Sheep to Mutton

When we started our drive down the west coast of Greece, one of the first things I noticed was that there were sheep everywhere. Right beside the road, near the beach, anywhere and everywhere.


Near Kardamyli we learned that there was no campsite, but that campers were allowed to park in the olive orchards. There were no facilities, but camping was free.



Ours is the burgundy van in the background.

It was not unusual to see flocks of sheep being herded through the olive orchards on their way to the nearby beach to cool off.


Each morning the owner of the land we were camping on passed through the orchard saying, “Kali mera,” (good morning) to everyone. We never knew his name so we referred to him as Mr. Kali Mera.

One day we were driving along the dirt road from the orchards to town, when we came upon Mr. Kali Mera walking to town, pushing a wheelbarrow in the heat. He had a heavy load in the wheelbarrow — a sheep with its legs tied together.

We slowed down and exchanged kali meras, and somehow we conveyed to him that we would give him and the sheep a lift in the van. He was happy to accept, but since we couldn’t fit the wheelbarrow in the van, he left it by the roadside. Mr. Kali Mera put the sheep on the floor while he sat on the bed.


We drove slowly on the bumpy road glancing back now and then to check if Mr. Kali Mera was still in the van, as we were driving with the door open. More than once, we noticed him reaching down to pick something up and throw it out the door. You can guess what it was. I don’t think I need to spell it out.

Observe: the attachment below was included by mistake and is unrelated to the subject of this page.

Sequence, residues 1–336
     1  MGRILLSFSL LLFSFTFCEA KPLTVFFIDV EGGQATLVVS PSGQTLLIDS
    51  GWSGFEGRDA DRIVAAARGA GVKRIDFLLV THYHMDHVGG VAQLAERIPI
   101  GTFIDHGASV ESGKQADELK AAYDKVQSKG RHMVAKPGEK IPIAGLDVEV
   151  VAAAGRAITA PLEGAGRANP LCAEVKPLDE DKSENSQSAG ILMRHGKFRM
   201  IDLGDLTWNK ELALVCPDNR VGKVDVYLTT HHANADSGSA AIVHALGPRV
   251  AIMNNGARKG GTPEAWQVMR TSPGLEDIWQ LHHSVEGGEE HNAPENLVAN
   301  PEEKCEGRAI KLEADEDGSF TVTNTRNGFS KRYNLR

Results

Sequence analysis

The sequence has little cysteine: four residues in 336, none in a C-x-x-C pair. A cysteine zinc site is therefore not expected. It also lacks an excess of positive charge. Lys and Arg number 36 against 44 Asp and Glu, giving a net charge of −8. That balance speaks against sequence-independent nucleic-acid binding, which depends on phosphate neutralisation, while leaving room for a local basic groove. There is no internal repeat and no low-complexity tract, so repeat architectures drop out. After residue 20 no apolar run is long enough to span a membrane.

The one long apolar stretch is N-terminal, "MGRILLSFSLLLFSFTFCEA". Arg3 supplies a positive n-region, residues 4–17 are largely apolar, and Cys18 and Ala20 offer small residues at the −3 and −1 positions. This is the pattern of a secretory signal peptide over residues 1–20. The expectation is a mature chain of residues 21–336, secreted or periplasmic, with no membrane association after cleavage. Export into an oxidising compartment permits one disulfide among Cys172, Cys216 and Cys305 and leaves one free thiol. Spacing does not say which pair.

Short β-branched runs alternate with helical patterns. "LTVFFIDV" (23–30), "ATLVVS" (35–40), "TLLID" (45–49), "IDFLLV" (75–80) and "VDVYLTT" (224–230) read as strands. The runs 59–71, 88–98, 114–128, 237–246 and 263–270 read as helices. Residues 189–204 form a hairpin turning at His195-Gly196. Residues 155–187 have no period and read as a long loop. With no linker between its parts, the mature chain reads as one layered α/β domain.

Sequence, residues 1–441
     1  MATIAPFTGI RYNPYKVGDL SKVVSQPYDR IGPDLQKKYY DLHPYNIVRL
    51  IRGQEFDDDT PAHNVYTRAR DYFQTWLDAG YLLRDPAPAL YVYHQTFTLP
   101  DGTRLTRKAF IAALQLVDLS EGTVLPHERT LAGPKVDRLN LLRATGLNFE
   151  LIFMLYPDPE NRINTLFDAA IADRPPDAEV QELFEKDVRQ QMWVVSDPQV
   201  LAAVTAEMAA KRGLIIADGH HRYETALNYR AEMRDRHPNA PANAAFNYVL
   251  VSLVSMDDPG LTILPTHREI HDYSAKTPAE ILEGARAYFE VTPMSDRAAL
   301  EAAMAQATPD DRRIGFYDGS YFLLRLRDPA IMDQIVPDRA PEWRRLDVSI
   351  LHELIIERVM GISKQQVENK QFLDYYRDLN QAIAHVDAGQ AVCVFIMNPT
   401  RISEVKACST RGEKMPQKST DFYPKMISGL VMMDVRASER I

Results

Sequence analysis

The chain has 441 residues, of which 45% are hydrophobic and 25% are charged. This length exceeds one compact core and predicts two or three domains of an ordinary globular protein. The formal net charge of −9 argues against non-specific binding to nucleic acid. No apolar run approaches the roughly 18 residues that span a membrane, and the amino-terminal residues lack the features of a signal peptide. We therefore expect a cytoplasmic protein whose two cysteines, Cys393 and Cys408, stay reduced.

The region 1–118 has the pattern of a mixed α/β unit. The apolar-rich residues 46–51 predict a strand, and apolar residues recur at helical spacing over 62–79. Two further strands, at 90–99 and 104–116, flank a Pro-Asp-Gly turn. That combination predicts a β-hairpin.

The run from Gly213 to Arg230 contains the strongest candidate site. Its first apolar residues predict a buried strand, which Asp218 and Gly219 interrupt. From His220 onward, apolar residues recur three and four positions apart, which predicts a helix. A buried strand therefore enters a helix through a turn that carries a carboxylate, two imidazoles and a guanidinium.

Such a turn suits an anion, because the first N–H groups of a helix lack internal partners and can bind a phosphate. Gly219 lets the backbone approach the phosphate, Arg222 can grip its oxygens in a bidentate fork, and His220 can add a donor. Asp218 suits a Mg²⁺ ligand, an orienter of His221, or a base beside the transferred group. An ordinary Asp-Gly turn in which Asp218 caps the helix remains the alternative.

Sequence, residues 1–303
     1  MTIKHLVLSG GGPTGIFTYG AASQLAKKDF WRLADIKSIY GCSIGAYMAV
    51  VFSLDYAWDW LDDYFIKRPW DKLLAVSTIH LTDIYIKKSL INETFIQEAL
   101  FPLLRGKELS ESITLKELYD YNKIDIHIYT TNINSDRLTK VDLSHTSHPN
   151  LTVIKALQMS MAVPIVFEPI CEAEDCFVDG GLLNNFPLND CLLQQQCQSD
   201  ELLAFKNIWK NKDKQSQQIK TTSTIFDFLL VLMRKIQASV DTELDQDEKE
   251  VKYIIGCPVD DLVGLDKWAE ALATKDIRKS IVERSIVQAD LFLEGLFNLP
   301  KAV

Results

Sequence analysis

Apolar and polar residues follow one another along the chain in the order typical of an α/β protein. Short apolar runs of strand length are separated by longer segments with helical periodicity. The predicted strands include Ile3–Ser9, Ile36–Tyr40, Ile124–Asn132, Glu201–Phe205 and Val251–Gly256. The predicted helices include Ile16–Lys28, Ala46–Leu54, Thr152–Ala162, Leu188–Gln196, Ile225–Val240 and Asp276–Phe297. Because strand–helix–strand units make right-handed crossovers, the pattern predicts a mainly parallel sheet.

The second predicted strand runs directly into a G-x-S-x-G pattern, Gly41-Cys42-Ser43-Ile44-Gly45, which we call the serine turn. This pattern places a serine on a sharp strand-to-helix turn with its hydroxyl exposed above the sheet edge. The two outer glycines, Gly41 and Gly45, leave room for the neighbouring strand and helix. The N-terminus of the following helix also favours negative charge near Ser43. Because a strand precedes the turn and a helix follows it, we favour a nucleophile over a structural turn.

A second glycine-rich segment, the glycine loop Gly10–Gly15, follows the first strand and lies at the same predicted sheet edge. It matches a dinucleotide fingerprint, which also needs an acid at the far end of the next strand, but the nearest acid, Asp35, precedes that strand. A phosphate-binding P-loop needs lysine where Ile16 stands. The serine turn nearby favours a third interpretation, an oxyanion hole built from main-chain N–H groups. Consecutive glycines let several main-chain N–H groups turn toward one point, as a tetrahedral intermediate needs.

We dropped Mr. Kali Mera off at the restaurant that he indicated, and continued on with our shopping in town.

Later that evening, we had come back into town for supper as we often did. Supper hour was always late in the evening when the heat had abated somewhat. We sat outside at one of several rustic tables in the open backyard of the restaurant, a string of light bulbs stretched from one side to the other overhead. Our table was near the back entrance of the building. A curtain hung in the doorway, so the patrons couldn’t look into the kitchen and back rooms.

At this point in my blog post, we have to go to a commercial break. I’ve deleted my original script from this point on as too graphic and upsetting, so I have to find another way to let you know that the sheep was killed right there behind the curtain. I was really shaken up. My supper remained on my plate. It was a rude awakening for me to be so close to how it works in the real world.

I hesitated about whether to post this account, but then I thought, why not. It’s how the world works. Not everything in it is pretty. Generally I try to post happy things, and I will from now on, but this is just the way it was. One of those hiccups in life. I apologize if I’ve upset anyone. My next post will be back to the usual kind of travel prattle and other things that might pop into my head.

28 thoughts on “Sheep to Mutton

  1. It has gotten so easy to think that meat for consumption is created on little plastic plates wrapped in cellophane behind a meat counter in a grocery store. Most folks really don’t want to think much beyond that, do they. Maybe that’s why wolves, and hunters, are not all that popular.


  2. If people think meat or mutton just appears in the butcher shop.. bad news this does happen, more often than we would like to imagine… for us to eat something must die, such is life… but I do agree I don’t want to see it happen in the kitchen where I’m eating.. and maybe that is why I do not frequent places where they sell cray fish… being dunked alive direct into boiling water… no thanks.. have never eaten it and never will…